Defendant alleges similar inadmissible credibility enhancement from Carey's testimony. Specifically he argues that her statement to K.G. that “what [defendant] did to her was not her fault and that it was very good that she told someone about what happened,” was inadmissible hearsay that required a mistrial. Again, we disagree.
        A motion for a mistrial is addressed to the sound discretion of the trial judge and is only appropriate when there are such serious improprieties as would make it impossible for the defendant to have a fair trial and impartial verdict under the law. [State v. Black, 328 N.C. 191, 200, 400 S.E.2d 398, 403 (1991)] 'Absent a showing of gross abuse of that discretion, the trial court's ruling will not be disturbed on appeal.' State v. Roland, 88 N.C. App. 19, 26, 362 S.E.2d 800, 805 (1987), affirmed, 322 N.C. 469, 368 S.E.2d 385 (1988).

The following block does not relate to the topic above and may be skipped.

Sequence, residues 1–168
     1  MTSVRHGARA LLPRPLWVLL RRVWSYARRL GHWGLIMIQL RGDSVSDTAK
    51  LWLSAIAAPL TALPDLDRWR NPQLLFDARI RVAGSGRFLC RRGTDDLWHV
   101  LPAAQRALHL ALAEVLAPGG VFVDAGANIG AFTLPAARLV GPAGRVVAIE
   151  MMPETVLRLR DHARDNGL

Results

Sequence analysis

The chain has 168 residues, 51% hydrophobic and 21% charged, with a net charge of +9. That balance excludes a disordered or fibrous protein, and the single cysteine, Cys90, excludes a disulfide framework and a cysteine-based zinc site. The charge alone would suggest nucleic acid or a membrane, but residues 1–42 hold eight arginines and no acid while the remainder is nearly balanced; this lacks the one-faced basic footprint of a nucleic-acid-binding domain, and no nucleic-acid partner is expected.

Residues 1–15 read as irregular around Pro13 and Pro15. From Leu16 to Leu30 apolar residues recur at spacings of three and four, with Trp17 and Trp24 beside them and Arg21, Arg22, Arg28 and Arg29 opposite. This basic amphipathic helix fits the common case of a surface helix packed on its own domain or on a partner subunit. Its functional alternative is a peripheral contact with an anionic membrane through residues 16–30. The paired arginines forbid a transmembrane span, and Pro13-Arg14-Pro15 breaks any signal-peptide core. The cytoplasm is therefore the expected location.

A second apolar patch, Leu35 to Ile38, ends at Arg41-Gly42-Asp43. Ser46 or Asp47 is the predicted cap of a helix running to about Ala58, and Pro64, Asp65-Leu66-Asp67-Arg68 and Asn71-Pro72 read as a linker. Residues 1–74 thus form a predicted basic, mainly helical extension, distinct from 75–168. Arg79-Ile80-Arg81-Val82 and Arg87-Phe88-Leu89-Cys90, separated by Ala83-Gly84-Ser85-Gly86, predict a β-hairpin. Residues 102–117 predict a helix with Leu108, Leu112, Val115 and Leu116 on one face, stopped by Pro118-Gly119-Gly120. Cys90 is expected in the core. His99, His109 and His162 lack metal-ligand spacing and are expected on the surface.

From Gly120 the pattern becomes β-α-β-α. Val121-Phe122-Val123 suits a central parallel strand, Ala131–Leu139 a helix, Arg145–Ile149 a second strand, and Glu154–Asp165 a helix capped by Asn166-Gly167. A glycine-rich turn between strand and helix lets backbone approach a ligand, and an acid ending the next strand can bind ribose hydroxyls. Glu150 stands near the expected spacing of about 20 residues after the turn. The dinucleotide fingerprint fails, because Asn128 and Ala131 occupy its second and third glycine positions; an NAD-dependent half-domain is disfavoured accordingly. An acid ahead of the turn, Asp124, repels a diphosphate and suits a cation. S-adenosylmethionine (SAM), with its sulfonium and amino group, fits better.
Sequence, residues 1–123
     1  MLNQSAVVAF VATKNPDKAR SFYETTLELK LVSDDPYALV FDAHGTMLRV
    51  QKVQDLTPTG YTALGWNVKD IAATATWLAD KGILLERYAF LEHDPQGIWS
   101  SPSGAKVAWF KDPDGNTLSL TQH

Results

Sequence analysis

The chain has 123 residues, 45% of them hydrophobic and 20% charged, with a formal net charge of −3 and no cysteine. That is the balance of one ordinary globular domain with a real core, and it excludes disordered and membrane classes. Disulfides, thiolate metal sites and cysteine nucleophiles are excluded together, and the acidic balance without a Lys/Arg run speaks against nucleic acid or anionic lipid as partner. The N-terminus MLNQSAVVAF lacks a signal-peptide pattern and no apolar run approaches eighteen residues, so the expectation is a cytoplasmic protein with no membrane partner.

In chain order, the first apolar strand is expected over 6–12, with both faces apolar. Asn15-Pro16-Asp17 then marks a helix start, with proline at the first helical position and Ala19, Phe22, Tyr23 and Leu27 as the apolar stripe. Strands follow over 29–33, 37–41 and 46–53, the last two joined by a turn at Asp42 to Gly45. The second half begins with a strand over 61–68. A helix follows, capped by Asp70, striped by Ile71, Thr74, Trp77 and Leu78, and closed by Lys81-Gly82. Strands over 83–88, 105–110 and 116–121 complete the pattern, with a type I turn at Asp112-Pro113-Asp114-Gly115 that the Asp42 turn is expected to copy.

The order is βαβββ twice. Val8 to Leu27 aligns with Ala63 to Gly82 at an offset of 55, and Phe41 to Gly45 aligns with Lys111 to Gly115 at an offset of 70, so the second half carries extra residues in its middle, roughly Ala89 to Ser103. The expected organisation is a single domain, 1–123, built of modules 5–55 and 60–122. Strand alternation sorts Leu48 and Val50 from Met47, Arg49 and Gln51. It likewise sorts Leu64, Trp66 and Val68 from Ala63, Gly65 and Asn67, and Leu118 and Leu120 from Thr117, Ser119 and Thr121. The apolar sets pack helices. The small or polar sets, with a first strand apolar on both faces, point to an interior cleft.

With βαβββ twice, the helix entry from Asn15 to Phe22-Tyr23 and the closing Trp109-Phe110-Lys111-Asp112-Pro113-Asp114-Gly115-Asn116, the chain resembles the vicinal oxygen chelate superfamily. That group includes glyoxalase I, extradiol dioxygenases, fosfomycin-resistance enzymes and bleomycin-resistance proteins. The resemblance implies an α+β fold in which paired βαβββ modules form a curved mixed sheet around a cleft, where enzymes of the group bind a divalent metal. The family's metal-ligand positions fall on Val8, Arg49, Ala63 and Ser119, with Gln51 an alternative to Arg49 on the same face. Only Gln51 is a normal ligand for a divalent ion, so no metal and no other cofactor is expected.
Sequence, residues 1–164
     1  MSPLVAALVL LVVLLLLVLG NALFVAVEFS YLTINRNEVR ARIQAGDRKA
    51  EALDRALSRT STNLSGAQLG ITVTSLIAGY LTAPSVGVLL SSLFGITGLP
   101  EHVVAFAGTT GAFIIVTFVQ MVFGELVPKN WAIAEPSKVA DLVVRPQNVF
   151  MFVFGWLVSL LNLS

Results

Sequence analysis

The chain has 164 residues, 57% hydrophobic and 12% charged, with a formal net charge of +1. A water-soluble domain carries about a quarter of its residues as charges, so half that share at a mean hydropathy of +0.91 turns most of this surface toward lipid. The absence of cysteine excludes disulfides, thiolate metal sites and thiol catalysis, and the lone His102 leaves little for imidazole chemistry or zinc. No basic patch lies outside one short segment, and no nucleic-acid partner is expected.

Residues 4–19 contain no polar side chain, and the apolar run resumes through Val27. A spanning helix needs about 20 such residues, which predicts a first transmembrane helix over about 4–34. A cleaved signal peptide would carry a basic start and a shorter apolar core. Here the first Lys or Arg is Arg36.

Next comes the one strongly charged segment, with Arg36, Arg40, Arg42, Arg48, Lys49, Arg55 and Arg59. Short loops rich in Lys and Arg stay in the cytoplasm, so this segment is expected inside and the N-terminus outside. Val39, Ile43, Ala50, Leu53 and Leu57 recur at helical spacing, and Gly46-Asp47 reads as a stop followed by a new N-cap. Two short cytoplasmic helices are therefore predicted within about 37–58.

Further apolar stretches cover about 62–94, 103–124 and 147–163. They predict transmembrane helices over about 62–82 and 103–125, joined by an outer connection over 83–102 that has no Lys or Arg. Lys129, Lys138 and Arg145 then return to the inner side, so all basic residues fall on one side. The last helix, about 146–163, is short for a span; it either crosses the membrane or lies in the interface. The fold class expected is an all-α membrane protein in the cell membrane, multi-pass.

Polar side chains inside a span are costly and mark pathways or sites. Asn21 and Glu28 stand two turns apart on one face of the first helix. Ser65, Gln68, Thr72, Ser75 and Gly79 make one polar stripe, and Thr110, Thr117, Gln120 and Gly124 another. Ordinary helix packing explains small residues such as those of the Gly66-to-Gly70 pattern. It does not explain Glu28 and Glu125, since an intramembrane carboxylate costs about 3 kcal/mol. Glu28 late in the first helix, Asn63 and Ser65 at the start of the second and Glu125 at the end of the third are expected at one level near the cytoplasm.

Id. at 652, 582 S.E.2d at 312. The context of Carey's remark was what she typically tells victims of sexual abuse as their interviewdraws to a close. While perhaps marginally implicating defendant as the perpetrator, in this context, we do not agree that this comment warranted the trial court to intervene by ordering a mistrial.